Posted 21 October, 2021 at 11:03
There is a general belief amongst SMEs that cyberattacks only happen to large organisations and that SMEs are simply too small a target to get hit. However survey after survey finds that all enterprises can be, and are, attacked regardless of size and the information they store. ENISA, the European version of NCSC, estimates that across Europe, 46% of businesses have been hit and a quarter of charities, in the last 12 months. This figure does rise for medium size businesses, to 68%, but smaller businesses are still very much at risk.
The challenges faced by SMEs regarding their cyber security preparedness are many and varied, but the clear common underlying issue to all appears to be management of awareness and commitment, alongside managing their cyber risk, which in turn drives budget, allocation of resources and effective implementation of good cyber security practices.
ENISA has identified seven categories of challenges faced by SMEs:
Cyber Awareness Training, or rather the lack of, is a favourite hobby horse of mine. It is vitally important for both managers and staff. If you don’t know what threats exist, then how can you look out for the signs, and how can you effectively target your security spend. Likewise staff have to know what to look out for, how attacks are formulated and how they are carried out. A good motivator for staff is that to put it bluntly, their jobs are on the line if the business is hit badly and loses money. Most SMEs are running businesses where cash flow is king and they simply can’t afford the kind of hits that many are experiencing.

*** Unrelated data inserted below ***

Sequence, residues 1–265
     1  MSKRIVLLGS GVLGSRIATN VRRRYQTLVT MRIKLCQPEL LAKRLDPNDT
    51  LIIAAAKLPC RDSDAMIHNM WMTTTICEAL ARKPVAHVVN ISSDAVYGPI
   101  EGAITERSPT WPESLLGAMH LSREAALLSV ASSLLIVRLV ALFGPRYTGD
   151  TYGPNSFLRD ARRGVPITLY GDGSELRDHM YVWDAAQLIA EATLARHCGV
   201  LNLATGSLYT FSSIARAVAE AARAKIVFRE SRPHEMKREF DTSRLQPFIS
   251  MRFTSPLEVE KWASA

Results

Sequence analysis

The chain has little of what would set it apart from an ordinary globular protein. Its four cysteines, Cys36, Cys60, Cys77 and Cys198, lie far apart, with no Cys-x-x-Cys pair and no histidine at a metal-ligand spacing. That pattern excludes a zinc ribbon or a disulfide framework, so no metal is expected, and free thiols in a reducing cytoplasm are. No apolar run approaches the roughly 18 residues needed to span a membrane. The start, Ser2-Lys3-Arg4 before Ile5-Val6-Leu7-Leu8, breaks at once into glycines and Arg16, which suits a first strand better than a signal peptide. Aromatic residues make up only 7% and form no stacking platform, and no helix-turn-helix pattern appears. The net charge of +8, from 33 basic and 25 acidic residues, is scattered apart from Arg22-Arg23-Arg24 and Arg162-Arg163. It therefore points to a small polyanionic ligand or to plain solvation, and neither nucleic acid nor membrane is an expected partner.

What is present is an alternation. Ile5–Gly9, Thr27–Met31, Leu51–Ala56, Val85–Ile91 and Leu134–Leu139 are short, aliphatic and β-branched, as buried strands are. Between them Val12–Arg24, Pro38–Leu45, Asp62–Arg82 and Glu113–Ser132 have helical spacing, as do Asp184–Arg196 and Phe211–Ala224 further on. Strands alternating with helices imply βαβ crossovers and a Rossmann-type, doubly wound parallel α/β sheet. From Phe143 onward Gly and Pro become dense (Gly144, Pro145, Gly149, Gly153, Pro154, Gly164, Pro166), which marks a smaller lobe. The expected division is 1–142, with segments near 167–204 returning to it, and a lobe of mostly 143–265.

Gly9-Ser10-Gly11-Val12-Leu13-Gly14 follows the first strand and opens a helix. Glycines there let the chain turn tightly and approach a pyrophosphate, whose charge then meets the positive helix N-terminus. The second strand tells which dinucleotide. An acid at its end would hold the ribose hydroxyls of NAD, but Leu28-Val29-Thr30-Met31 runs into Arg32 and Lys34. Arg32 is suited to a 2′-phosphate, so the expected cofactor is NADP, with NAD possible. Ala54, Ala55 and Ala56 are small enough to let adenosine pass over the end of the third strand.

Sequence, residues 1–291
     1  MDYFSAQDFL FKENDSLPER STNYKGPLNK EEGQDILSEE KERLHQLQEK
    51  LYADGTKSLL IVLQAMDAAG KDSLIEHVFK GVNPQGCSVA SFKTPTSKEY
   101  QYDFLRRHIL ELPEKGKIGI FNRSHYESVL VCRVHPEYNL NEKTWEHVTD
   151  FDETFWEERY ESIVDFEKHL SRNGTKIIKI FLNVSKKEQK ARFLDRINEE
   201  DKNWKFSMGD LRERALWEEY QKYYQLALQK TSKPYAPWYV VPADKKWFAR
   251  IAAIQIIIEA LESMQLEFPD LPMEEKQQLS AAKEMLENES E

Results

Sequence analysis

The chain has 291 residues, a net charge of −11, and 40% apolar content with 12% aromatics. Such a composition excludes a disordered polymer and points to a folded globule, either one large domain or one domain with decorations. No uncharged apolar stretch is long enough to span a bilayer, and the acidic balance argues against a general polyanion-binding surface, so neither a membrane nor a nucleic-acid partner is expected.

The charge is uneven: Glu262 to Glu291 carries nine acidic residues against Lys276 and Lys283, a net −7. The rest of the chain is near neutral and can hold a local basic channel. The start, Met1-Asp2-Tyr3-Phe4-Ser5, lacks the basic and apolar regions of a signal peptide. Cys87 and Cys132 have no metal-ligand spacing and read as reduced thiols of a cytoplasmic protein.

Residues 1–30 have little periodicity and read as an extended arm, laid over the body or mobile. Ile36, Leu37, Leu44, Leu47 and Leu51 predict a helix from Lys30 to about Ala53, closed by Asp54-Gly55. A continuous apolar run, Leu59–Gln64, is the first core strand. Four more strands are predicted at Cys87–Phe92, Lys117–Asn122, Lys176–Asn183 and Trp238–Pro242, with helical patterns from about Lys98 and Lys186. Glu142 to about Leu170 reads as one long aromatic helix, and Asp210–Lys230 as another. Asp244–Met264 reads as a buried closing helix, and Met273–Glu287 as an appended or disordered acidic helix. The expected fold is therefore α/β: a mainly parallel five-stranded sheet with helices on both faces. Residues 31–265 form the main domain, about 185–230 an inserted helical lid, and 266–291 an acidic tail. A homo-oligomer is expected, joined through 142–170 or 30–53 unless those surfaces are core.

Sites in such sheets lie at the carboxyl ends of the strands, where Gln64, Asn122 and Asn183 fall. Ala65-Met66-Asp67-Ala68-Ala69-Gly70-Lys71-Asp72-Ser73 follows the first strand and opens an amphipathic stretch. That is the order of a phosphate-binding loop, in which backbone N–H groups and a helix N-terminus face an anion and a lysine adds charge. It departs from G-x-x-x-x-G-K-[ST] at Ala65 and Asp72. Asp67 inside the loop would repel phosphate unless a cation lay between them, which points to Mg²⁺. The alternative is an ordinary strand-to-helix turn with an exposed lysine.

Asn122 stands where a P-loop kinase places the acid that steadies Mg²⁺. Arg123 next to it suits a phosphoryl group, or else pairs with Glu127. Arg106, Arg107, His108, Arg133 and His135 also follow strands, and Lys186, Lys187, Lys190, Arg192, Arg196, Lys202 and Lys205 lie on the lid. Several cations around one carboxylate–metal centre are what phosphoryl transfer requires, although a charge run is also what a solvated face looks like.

A major misconception is that cyber security is an IT issue. Wrong, it’s a business issue. This misconception is generally arrived at because it is seen as having complex technical solutions that only the ‘techies’ fully understand. However this is not the case. Cyber security needs to be in the culture of the company, a culture that protects the business from harm. Each person must have at least a basic understanding of the issues they face and how their attitude can affect the cyber security posture of the entire organisation.
As time goes on and the company matures, the what is really needed is a transition from initial awareness to internal cyber security culture through developing an effective strategy.
In the coming weeks I’ll tackle the other 6 categories arrived at by ENISA.
For more information, contact Kevin Hawkins of H2 Cyber Risk Advisory Services:
T: 0845 5443742
M: 07702 019060